Thomas Turner (president)

Last updated

Thomas Turner (September, 1645 – 29 April 1714) was an English churchman and academic, Archdeacon of Essex and President of Corpus Christi College, Oxford.


The second son of Thomas Turner, Dean of Canterbury, he was born at Bristol on 19 or 20 September 1645; he was a younger brother of Francis Turner. Thomas originally matriculated at Hart Hall on 10 May 1662, but on 6 October 1663 he was admitted to a Gloucestershire scholarship at Corpus, of which he became fellow in 1672. He graduated B.A. on 15 March 1666, M.A. in 1669, B.D. in 1677, and D.D. in 1683.

From 1672 to 1695 he was vicar of Milton, near Sittingbourne, Kent, and from 1680 to 1689 rector of Thorley, Hertfordshire. He became rector of Fulham, Middlesex, in 1688, archdeacon of Essex in 1680, canon of Ely in 1686, canon of St Paul's Cathedral in 1682, and precentor in 1690. These preferments, except the sinecure rectory of Fulham and the canonry and precentorship of St. Paul's, he resigned at or shortly after his election to the presidency of Corpus on 13 March 1688. The rapid election, which took place within a week of the death of his predecessor Robert Newlyn, diminished the chance of any interference from the court of James II.

Turner reformed the college and spent his own money on it. In 1706 he began what are now the Fellows' buildings, to a design attributed to Henry Aldrich. They were completed in 1712. Turner died on 29 April 1714, and is buried in the college chapel, where, as also at Stowe Nine Churches in Northamptonshire, there is a lengthy inscription about his bequests. These included a major benefaction to the Corporation of the Sons of the Clergy.

Turner was, from the hints of Thomas Hearne, suspected of Jacobite sympathies, but on very slender grounds. His publication was a sermon preached at Whitehall on 29 May 1685 before James II, to whom he was chaplain. In this sermon there is criticism of Thomas Hobbes's position, that a 'state of nature is a state of war.'

Related Research Articles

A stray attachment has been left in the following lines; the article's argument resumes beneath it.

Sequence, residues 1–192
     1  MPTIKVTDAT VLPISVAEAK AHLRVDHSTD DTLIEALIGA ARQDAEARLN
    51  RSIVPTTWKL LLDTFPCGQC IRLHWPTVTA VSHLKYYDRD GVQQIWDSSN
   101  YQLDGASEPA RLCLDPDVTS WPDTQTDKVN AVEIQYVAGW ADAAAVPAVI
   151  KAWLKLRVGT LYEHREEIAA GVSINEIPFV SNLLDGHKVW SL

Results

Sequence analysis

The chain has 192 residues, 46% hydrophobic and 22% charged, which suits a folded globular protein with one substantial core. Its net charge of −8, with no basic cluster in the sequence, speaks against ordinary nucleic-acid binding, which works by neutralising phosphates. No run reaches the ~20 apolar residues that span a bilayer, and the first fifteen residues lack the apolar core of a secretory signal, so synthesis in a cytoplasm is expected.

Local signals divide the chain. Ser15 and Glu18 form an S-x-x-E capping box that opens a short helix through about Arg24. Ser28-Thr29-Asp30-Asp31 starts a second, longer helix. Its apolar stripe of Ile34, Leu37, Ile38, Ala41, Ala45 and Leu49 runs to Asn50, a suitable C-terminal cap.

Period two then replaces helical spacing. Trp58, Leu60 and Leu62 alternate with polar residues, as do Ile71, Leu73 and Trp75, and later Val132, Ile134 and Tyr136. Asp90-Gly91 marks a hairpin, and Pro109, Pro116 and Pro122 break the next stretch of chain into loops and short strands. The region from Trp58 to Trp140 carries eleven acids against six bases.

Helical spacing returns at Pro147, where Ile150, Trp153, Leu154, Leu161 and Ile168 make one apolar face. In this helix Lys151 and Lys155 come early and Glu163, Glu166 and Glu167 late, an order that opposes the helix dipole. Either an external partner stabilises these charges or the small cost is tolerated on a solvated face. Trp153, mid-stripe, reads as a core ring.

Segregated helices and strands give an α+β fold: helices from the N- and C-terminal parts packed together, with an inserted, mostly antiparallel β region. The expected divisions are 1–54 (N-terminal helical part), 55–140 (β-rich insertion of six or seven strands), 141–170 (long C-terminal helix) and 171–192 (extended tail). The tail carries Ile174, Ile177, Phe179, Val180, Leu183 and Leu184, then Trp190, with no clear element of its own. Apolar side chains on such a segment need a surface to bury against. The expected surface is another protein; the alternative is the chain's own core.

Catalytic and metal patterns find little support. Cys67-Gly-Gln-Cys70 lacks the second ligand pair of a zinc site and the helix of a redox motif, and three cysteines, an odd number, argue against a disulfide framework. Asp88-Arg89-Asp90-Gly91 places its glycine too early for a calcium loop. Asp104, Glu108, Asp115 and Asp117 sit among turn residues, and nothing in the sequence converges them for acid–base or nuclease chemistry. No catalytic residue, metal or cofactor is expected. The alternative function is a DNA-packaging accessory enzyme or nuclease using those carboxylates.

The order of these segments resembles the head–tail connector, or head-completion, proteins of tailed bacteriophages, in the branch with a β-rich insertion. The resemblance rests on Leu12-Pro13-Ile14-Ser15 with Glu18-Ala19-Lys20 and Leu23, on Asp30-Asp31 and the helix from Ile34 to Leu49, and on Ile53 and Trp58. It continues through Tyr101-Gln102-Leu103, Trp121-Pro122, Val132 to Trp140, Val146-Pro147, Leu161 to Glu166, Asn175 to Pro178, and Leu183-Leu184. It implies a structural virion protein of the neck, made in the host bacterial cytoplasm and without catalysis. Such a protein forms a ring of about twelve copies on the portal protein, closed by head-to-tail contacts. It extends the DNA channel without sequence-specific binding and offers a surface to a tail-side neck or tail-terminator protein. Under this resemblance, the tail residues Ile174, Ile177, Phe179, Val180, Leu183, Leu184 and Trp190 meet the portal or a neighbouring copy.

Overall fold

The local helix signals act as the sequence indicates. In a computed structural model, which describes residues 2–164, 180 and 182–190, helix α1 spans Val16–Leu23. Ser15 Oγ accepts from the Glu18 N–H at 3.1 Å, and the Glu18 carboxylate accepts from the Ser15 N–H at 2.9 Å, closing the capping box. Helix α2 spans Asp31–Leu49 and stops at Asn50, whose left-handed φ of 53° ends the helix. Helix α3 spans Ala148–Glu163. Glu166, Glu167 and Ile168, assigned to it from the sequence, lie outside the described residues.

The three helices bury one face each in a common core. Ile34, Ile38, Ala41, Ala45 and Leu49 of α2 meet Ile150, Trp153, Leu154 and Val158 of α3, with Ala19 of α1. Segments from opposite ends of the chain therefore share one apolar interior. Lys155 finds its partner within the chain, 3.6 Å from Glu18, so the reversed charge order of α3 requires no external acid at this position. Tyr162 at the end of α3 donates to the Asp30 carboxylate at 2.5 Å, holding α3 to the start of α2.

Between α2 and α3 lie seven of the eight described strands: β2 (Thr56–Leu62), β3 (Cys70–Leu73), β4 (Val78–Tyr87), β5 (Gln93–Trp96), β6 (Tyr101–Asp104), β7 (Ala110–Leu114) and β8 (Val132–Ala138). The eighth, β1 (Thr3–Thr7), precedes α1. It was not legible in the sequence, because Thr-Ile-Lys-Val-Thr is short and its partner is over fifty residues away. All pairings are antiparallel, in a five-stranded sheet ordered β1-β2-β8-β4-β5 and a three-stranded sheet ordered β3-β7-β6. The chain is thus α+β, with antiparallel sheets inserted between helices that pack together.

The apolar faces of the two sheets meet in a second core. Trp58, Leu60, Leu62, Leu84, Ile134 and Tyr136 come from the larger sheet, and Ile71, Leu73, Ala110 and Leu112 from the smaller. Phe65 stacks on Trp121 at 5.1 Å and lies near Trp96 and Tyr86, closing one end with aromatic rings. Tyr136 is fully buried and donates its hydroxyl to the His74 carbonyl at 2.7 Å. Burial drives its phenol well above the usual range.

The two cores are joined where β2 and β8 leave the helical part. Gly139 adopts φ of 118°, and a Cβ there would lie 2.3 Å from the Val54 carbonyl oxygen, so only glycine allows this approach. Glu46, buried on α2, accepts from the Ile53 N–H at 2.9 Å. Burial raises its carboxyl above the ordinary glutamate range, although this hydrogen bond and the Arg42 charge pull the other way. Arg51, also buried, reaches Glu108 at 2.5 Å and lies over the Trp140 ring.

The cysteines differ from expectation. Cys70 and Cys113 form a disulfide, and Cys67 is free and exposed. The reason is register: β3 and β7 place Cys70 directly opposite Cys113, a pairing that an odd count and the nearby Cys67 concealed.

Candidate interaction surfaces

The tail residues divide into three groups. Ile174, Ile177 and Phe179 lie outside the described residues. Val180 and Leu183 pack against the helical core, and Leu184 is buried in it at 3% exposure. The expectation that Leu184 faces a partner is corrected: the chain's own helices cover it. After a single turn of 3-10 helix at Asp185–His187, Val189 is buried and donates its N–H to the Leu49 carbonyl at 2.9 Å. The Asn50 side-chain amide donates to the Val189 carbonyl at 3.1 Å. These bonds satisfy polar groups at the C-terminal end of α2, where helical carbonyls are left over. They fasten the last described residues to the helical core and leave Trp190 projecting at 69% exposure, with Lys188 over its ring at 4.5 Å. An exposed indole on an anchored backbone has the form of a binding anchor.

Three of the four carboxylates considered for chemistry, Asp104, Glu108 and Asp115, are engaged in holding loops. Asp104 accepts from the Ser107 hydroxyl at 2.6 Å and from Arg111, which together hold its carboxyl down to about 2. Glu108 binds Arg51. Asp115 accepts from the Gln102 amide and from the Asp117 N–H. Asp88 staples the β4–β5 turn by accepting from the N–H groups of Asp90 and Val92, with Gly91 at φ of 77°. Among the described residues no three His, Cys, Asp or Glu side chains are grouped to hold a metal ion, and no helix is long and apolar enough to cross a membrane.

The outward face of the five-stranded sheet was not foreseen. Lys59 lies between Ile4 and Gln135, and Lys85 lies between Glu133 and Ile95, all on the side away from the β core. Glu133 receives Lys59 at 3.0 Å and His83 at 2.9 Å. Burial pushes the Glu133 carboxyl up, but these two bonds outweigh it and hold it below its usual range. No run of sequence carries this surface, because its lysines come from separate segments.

<span class="mw-page-title-main">Francis Windebank</span> English politician (1582-1646)

Sir Francis Windebank was an English politician who was Secretary of State under Charles I.

<span class="mw-page-title-main">Peter Mews</span> Theologian and bishop

Peter Mews was an English Royalist theologian and bishop. He was a captain captured at Naseby and he later had discussions in Scotland for the Royalist cause. Later made a Bishop he would report on non-conformist families.

<span class="mw-page-title-main">Thomas Holland (translator)</span> English Calvinist scholar and theologian

Thomas Holland was an English Calvinist scholar and theologian, and one of the translators of the King James Version of the Bible.

Richard Rawlins was Bishop of St David's between the years 1523 and 1536.

<span class="mw-page-title-main">William Lloyd (bishop of Worcester)</span> 17th/18th-century English bishop

William Lloyd was an English divine who served successively as bishop of St Asaph, of Lichfield and Coventry and of Worcester.

<span class="mw-page-title-main">Francis Turner (bishop)</span>

Francis Turner D.D. was Bishop of Ely, one of the seven bishops who petitioned against the Declaration of Indulgence and one of the nine bishops who refused to take the oath of allegiance to William III.

<span class="mw-page-title-main">Isaac Milles</span>

Isaac Milles or Mills was an English cleric, often described as the model parish priest of that day.

Henry Cole was an English Roman Catholic churchman and academic.

Henry Wilkinson (1610–1675) was an English clergyman, in the Commonwealth period a canon of Christ Church, Oxford, Lady Margaret Professor of Divinity, and member of the Westminster Assembly. Later he was a nonconformist preacher.

William Jane (1645–1707) was an English academic and clergyman, Regius Professor of Divinity at Oxford from 1680.

Thomas Marshall was an English churchman and linguist, Rector of Lincoln College, Oxford and Dean of Gloucester.

<span class="mw-page-title-main">Robert Grove (bishop)</span> British bishop

Robert Grove (1634–1696) was an English Bishop of Chichester.

<span class="mw-page-title-main">Thomas Turner (dean of Canterbury)</span> English Royalist churchman

Thomas Turner was an English royalist churchman and Dean of Canterbury.

<span class="mw-page-title-main">William Stanley (priest)</span> British priest

William Stanley (1647–1731) was an English churchman and college head, Master of Corpus Christi College, Cambridge, Archdeacon of London and Dean of St Asaph.

Thomas Manningham (1651?-1722) was an English churchman, bishop of Chichester from 1709.

William Chedsey (1510?–1574?) was an English Roman Catholic priest and academic, who became archdeacon of Middlesex in 1556 and President of Corpus Christi College, Oxford in 1558.

Thomas Bedyll (died 1537) was a divine and royal servant. He was royal chaplain and clerk of the Privy Council of Henry VIII, assisting him with the separation from Rome.

<span class="mw-page-title-main">Philip Stubbs (priest)</span>

Philip Stubbs (1665–1738) was an English churchman and author, the archdeacon of St Albans and a Fellow of the Royal Society. During his life, his sermons were published in pamphlet and book form. He was active in Christian missionary societies, and social work, founding several day schools.

John Vesey was a Church of Ireland clergyman.

<span class="mw-page-title-main">Anthony Hamilton (Archdeacon of Colchester)</span>

Anthony Hamilton (1739–1812) was an Anglican priest, Archdeacon of Colchester from 1775.


Academic offices
Preceded by President of Corpus Christi College, Oxford
Succeeded by